You can mount printed circuit boards in enclosures using either of the following methods.
Standard Mounting Bosses
Standard mounting bosses are protrusions molded from the inner surface of PCB enclosures.
These pre-formed structures provide the fastest and easiest way to mount circuit boards and feature screw threads for inserting fasteners.
So when drilling mounting holes in your PCB, align them with these bosses.
And during installation, align the holes with these protrusions, then insert the screws and fasten them.
Custom Mounting Standoffs
If your PCB already has mounting holes, you can order an enclosure with custom-positioned mounting bosses.
This option is costlier than using cases with standard mounting bosses, but you might not have to go through the hassle of drilling the board and plating the holes.
A batch of ready-to-use PCBs
A cheaper alternative is to use mounting standoffs with adhesive bases.
These pieces go through the PCB mounting hole and stick to the enclosure surface.
And they feature flanged designs that lock boards in position without requiring screws.
Slide-In Mounting Guides/Rails
Guide rails molded into the enclosure’s walls allow the PCB to slide into position for fastener-free securing. And you can unmount the boards quickly, as well.
This option is ideal for installing multiple printed circuit boards in one enclosure because it simplifies management and maintenance.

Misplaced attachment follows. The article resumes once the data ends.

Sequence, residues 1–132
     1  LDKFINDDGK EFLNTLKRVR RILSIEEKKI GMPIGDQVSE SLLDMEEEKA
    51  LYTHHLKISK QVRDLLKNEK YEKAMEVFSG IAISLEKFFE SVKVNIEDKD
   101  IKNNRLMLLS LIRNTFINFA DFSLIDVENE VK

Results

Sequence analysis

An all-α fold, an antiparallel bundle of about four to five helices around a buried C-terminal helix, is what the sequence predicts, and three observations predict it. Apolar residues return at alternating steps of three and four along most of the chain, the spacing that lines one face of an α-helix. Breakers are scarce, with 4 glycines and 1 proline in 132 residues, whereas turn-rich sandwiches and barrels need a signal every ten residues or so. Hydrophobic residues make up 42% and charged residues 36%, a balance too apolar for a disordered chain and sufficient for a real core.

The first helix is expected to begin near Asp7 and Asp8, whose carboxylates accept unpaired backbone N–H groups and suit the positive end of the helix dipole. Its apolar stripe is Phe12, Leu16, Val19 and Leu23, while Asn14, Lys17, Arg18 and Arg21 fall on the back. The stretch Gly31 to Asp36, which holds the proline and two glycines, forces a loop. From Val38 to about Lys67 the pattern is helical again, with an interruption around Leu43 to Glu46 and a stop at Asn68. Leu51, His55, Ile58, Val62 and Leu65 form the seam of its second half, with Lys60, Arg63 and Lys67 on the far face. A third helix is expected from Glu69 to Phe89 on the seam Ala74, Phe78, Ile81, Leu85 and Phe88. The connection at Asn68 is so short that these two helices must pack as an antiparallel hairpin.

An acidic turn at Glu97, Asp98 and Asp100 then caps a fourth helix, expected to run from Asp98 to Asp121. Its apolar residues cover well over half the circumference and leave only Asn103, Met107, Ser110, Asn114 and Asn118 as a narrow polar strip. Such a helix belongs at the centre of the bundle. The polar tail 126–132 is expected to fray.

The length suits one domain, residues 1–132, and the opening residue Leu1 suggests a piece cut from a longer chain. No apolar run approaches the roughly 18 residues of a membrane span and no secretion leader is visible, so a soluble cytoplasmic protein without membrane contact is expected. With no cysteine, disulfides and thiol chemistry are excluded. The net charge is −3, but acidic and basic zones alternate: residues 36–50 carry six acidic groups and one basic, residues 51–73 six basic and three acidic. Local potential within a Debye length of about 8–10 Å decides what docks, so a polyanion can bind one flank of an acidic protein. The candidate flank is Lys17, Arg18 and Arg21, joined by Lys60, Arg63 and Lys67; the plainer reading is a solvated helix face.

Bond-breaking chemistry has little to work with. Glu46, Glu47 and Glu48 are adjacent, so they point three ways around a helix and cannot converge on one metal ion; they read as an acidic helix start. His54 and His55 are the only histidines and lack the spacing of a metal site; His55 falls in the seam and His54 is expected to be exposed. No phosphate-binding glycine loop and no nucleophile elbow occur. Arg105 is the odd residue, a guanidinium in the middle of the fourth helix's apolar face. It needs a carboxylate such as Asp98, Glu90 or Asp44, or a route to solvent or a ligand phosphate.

Factors To Consider Before PCB Mounting
Consider these four factors before buying PCB mounting enclosures for your project.
Board Size and Shape
The mounting enclosure should be large enough to accommodate the PCB and have the right shape for perfect fitting.
Mounting Hole Position
The mounting holes present in the board should match the mounting bosses’ location.
Although you can punch the holes, drilling them during production is simpler. You’ll only have to screw them in place.
An unassembled radio frequency PCB with corner mounting holes
Electronic Component Height
Most modern PCBs have surface-mount devices, which are tiny and short.
But if your board contains through-hole components, consider their height because it forms the PCB’s width.
And they should fit in the enclosure, so ensure the case is wide enough to host the assembled board.
Some PCB components emit high heat levels when running, and circuit boards can get damaged when operating under extreme temperatures.
So consider mounting them with heat sinks or fans to transfer heat to the atmosphere.
Hardware To Consider for PCB Mounting
These pieces of hardware can help you during mounting. And some enhance your PCB’s performance.
- Screw grommets for fastening
- Mounting pillars for elevating circuit boards above the surface
- Spacers for spacing the PCBs above the surface
- Mounting blocks for making electrical connections between the board and chassis
- LED mounting hardware (LED spacers) for managing onboard LEDs
- Transistor insulators for heat transfer to heat sinks
- PCB fan to prevent overheating
- Card pullers to insert and remove PCBs in slide-in mounting enclosures
- PCB support to provide a flat resting area and minimize vibrations
An insulated transistor
So consider these hardware devices for the following applications.
- Data cabinets: Card guides, PCB spacers, and PCB supports
- Electrical cabinets: Screw grommets, PCB supports, and PCB fans
- Automotive: PCB fans, LED mounting hardware, and spacers
- Office machinery/Consumer electronics: Transistor insulators, LED mounting hardware, and PCB supports
The process of mounting PCBs usually begins with drilling mounting holes. And these slots must align perfectly with the mounting bosses in the enclosure.
However, if you want to install multiple circuit boards in one case, you can get one with slide-in guides.
And remember to consider the hardware listed above to make your installation better.
That’s it for this article. Comment below to let us know your thoughts about this guide or if we left something out.